Outside the wind is howling. The washing line would sing if it were taut enough to vibrate a note. This is just weather, of course, not climate. But is anyone listening anyway?

Should people with records like Cormann have any say in the direction of powerful organisations like the OECD? What does this say about the people who we entrust with our children’s futures? Meanwhile, here in the UK, HS2 will continue to be built as Johnson sets plans in motion towards building a tunnel or bridge to Northern Ireland. A coal mine in Cumbria remains under consideration. They carry on. A bit of greenwash lip service to placate the masses, but nothing really changes in the minds and actions of those who purport to lead us.

Yet there are encouraging signs. I work (part-time) managing social media accounts for three different recruitment brands. One of them is an engineering recruitment company, so I am constantly looking for articles and news pieces that I can add to the company feed. The huge range of new initiatives and new products being developed specifically aimed at tackling climate change and our inefficient use of resources is incredibly encouraging. I just hope we have enough time.

In the meantime, we all carry on as best we can. The sun is shining. Daffodils are nodding in the wind. Today my eldest daughter is moving out of the family home. We will miss her of course, but it is time. In other news, Pompey are playing in the Checkatrade Final at a fan-less final at Wembley – I wrote about the cancellation of the game back in April last year;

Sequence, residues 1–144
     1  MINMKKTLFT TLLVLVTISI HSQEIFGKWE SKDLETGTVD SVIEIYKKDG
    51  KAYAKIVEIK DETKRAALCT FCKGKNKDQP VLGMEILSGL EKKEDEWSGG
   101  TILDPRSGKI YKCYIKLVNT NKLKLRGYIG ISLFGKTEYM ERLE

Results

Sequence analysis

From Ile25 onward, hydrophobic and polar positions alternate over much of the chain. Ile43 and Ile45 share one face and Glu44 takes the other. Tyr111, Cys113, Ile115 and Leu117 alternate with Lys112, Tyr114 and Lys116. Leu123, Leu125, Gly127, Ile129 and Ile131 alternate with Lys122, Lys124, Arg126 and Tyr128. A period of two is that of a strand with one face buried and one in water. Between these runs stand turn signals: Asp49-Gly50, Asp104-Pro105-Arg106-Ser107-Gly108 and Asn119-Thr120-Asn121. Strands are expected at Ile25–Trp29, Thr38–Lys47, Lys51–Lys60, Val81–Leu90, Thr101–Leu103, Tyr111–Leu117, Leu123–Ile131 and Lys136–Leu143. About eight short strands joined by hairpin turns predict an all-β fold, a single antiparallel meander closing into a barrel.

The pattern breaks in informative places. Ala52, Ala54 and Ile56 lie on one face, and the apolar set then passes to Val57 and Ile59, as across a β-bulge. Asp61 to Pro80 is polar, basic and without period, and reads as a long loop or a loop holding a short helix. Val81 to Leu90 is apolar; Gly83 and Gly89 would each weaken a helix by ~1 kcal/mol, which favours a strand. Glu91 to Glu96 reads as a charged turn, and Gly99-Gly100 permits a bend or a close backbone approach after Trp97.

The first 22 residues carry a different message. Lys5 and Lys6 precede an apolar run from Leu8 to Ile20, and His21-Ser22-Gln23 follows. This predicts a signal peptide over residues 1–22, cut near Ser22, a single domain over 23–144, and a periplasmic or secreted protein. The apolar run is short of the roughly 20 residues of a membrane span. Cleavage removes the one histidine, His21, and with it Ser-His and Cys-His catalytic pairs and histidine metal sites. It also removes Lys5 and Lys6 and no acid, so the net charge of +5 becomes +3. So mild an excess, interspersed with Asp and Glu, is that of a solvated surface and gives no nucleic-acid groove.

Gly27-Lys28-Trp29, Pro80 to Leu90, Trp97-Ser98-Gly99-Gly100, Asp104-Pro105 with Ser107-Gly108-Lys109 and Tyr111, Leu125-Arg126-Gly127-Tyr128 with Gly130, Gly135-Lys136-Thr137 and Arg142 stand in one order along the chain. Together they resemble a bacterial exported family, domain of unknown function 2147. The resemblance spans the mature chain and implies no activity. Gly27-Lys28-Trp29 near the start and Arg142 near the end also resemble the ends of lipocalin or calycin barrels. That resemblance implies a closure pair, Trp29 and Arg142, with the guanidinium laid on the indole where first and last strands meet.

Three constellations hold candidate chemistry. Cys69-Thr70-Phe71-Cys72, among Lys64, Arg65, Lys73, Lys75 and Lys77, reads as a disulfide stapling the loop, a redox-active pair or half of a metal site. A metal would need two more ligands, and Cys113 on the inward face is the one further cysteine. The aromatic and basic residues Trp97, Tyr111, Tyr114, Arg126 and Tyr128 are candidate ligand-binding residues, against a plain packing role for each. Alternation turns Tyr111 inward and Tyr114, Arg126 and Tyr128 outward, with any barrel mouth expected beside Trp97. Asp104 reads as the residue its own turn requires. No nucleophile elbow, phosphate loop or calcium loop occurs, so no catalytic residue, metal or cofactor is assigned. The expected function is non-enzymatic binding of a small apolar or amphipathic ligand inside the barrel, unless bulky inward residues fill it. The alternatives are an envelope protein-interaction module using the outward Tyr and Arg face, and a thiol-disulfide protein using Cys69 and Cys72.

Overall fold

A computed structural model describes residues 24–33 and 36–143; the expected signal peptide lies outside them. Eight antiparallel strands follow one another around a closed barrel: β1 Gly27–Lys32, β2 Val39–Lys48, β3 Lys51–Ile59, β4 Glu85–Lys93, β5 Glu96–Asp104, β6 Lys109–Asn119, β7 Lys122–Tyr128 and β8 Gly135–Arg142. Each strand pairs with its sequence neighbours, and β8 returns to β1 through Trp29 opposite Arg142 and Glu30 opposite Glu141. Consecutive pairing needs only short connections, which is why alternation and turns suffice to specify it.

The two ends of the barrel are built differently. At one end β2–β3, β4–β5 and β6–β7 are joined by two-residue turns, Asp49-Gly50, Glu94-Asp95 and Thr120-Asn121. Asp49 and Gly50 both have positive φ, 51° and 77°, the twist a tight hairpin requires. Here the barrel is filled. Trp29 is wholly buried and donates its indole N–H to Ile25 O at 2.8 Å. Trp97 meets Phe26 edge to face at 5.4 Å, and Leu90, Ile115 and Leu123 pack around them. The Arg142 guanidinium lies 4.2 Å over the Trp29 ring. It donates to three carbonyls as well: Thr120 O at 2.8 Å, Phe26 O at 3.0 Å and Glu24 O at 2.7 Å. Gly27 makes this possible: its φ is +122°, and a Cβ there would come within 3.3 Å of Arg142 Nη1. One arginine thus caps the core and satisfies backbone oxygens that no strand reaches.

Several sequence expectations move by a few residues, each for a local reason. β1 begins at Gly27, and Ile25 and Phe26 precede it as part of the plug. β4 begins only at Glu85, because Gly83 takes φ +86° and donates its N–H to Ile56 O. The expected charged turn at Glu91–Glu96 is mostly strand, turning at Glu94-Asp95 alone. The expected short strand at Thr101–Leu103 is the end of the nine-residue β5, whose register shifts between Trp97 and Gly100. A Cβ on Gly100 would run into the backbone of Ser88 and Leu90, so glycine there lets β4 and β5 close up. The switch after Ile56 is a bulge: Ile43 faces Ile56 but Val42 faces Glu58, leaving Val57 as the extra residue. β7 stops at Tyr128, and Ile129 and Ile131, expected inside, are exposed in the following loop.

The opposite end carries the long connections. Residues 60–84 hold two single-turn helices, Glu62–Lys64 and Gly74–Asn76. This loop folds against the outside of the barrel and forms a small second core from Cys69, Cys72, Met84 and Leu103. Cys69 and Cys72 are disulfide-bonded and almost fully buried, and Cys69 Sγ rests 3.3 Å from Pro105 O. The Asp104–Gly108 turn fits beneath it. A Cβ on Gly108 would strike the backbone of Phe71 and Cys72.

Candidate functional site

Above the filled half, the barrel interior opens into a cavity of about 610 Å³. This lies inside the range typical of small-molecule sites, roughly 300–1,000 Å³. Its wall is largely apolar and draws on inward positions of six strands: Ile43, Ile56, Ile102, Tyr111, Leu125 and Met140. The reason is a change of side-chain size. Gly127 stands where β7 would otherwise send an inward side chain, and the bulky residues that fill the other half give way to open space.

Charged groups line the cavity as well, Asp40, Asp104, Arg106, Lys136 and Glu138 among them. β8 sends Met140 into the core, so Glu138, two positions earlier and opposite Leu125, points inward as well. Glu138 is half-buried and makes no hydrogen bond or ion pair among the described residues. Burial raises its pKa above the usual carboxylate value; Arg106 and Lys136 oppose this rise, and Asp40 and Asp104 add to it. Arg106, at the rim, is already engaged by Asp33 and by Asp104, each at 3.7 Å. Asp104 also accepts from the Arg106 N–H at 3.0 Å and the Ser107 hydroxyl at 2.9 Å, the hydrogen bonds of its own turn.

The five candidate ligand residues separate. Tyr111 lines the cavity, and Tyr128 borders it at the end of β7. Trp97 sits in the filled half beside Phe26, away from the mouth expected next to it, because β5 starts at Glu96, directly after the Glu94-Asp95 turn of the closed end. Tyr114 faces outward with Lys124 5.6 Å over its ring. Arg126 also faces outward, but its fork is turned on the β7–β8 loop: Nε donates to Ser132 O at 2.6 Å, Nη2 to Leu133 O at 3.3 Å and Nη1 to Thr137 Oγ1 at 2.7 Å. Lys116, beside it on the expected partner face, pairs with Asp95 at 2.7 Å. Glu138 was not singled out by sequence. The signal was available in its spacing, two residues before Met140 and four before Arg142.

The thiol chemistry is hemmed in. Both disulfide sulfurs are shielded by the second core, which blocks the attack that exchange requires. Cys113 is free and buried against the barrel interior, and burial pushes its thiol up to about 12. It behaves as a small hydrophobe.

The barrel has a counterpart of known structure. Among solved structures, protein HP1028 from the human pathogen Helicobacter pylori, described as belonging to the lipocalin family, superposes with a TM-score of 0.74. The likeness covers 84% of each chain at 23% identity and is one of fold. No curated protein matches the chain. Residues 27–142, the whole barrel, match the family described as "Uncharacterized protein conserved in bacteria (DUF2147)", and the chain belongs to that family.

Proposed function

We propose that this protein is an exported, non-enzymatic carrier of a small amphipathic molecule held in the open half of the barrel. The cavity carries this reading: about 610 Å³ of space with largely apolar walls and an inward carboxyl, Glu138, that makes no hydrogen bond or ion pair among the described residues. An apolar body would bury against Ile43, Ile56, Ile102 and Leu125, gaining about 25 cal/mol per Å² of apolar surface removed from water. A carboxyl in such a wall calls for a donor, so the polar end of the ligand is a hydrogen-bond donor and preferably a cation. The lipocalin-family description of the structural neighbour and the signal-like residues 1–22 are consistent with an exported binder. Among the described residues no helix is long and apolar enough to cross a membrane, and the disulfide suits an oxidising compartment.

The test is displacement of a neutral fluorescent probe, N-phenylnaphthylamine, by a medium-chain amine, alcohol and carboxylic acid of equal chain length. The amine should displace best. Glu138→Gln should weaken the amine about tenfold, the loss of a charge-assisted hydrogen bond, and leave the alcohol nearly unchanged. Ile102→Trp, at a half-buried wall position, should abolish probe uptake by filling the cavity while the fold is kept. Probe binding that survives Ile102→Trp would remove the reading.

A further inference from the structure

If nothing else it’s a reminder of something we lost last spring. Zoom can only do so much. I quite enjoy an online poetry event, (I’ve been to three in the last week), and it’s lovely to see familiar faces again, but it isn’t the same. I so miss meeting people in person, whether a catch up for a coffee, a writers event in a local cafe, or being with 60,000 other Pompey fans shouting and singing together in a sea of blue.

Bur if happiness today feels so fleeting or tissue-paper thin, whether through Covid, Brexit, climate worries, or something else, we still have each other, we still have our choices, there is still much that can be done. The ending is as yet unwritten.

I’ll finish this post with the last poem from Landings , my first collection (still available from Dempsey & Windle Publishing) – the photo accompanying this blog post became the cover illustration.

At Full TIme

I hear the meaning, not the words,
the drifting lilt of tone,
a singing crowd over late night traffic.

On the other side of glass as seasons turn,
waiting for the sky to fall,
a single drop of rain and then another.

The spatter of footsteps on pavements;
water sanctifies the profane,
softens the smack of heel and toe.

Windows streaked by meteor showers.
A delta of streams will build;
to catch these words and float their meaning.

From here dark clouds cast spray-dust,
as drifting bands of stars;
the world still ours if we reach for it.

Lightning fuses earth in the distance,
this city asleep and wide awake,
voices rising over background static.